Since additional modes of payment of taxes are now available through credit, debit, and prepaid cards under recently issued Revenue Regulations, taxpayers may choose from the available online payment facilities provided by the Electronic Payment Service Provider (EPSP) to process tax payments. However, only accredited Authorised Agent Banks (AABs) may accept such payments, and accreditation of AABs is subject to compliance with certain conditions under existing Regulations.

Payment of taxes through the Card Payment Facility shall be deemed made on the date and time appearing in the system-generated payment confirmation receipt issued to the taxpayer-cardholder by the AAB-acquirer, provided that the payment was actually received by the BIR. The taxpayer is not relieved of, and has a continuing liability for, such taxes until the payment is actually received by the BIR.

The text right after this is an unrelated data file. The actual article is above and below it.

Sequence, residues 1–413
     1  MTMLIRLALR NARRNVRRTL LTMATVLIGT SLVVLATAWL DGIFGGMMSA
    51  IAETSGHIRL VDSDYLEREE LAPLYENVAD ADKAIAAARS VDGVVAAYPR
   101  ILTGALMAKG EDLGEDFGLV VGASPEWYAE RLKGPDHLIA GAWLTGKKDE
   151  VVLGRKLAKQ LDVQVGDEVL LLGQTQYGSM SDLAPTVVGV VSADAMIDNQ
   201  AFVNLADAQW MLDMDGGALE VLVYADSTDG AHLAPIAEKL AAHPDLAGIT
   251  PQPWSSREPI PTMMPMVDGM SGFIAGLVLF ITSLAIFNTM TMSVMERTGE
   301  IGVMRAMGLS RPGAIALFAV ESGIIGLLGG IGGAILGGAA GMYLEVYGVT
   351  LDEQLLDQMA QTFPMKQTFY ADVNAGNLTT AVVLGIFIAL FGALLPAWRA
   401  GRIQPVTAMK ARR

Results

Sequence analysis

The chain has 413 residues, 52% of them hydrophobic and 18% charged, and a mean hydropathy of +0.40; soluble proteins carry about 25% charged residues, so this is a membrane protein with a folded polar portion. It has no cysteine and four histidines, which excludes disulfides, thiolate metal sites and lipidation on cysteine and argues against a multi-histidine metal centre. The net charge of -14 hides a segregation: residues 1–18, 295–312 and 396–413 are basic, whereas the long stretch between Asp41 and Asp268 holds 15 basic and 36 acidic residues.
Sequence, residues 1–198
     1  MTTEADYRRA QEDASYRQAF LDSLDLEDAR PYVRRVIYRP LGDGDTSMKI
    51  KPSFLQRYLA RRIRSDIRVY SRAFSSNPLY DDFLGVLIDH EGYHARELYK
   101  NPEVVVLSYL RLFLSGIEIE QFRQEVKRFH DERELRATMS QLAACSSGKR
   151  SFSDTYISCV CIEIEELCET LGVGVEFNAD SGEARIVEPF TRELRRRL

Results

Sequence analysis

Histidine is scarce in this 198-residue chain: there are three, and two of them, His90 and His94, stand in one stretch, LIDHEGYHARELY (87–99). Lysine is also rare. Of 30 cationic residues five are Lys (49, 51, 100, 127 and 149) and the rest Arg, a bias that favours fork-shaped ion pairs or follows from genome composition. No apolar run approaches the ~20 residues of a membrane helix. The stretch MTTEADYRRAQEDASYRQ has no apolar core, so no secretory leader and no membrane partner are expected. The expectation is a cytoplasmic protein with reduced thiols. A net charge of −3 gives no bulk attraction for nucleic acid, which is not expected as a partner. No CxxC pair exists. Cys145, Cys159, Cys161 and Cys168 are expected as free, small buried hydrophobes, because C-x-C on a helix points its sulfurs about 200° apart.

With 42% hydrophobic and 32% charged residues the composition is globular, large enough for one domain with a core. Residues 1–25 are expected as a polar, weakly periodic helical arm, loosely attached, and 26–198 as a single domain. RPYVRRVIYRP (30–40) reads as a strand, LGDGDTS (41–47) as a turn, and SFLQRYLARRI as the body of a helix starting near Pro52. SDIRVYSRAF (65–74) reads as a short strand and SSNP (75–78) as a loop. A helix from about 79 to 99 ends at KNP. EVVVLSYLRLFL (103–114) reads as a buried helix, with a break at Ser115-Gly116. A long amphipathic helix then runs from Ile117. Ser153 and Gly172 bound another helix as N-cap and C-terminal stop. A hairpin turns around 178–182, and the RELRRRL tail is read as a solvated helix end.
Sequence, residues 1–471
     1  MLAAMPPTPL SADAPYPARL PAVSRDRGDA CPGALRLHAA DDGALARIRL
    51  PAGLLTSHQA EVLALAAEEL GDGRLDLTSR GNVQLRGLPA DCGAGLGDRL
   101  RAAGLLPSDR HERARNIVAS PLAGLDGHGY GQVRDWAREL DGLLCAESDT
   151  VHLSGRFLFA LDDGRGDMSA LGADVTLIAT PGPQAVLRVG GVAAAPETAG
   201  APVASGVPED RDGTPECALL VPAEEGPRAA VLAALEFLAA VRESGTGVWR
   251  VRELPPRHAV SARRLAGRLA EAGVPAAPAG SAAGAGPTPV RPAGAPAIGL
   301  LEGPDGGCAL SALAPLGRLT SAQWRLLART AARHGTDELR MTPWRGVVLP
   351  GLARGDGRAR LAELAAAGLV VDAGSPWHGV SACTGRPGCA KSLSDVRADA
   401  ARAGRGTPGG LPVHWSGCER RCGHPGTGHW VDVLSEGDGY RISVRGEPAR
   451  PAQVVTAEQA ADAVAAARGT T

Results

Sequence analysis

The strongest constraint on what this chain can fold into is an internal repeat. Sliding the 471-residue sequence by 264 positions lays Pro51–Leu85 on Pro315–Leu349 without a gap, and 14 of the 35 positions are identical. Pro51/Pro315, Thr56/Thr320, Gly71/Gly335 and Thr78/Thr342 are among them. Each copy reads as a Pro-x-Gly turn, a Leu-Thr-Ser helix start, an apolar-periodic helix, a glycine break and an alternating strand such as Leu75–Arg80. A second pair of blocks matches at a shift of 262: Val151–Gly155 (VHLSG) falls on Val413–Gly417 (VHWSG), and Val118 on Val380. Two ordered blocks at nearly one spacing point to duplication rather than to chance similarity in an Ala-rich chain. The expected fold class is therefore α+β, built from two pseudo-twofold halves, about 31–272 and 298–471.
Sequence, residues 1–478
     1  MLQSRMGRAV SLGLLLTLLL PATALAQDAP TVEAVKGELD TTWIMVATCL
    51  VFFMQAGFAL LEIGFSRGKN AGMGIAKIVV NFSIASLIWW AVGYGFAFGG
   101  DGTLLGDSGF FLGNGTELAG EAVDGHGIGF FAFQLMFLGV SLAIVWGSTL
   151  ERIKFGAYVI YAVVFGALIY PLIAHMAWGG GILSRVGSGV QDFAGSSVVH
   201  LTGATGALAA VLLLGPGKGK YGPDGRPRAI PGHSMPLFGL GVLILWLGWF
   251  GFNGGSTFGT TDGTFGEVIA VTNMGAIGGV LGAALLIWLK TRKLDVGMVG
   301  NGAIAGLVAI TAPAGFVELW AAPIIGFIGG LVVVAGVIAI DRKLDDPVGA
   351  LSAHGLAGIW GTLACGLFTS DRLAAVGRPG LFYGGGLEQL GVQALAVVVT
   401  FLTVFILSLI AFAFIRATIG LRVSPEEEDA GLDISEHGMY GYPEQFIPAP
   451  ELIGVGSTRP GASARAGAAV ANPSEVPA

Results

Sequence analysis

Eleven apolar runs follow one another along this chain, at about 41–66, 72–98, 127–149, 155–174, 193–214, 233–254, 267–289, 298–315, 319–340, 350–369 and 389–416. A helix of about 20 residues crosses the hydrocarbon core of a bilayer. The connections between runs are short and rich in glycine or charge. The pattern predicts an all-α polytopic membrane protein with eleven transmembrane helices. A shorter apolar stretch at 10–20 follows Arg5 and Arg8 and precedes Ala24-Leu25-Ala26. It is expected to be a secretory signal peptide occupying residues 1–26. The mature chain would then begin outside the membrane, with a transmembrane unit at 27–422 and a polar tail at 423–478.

Annual statutory audit

An annual statutory audit is required for all corporations with authorised capital stock or paid-up capital exceeding PHP 50,000, including branches of foreign corporations. It is also required for any corporation whose gross annual sales or earnings exceed PHP 3,000,000.

Statute of limitations

There is no statutory obligation on the Tax Commissioner to make an assessment for internal revenue taxes, and most taxes are collected based on the taxpayer’s self-calculation. If an assessment is to be issued, however, it must be done within three years from the deadline or the date of actual filing of the return, whichever is later. The taxpayer and the Commissioner can, however, agree in writing to extend this period.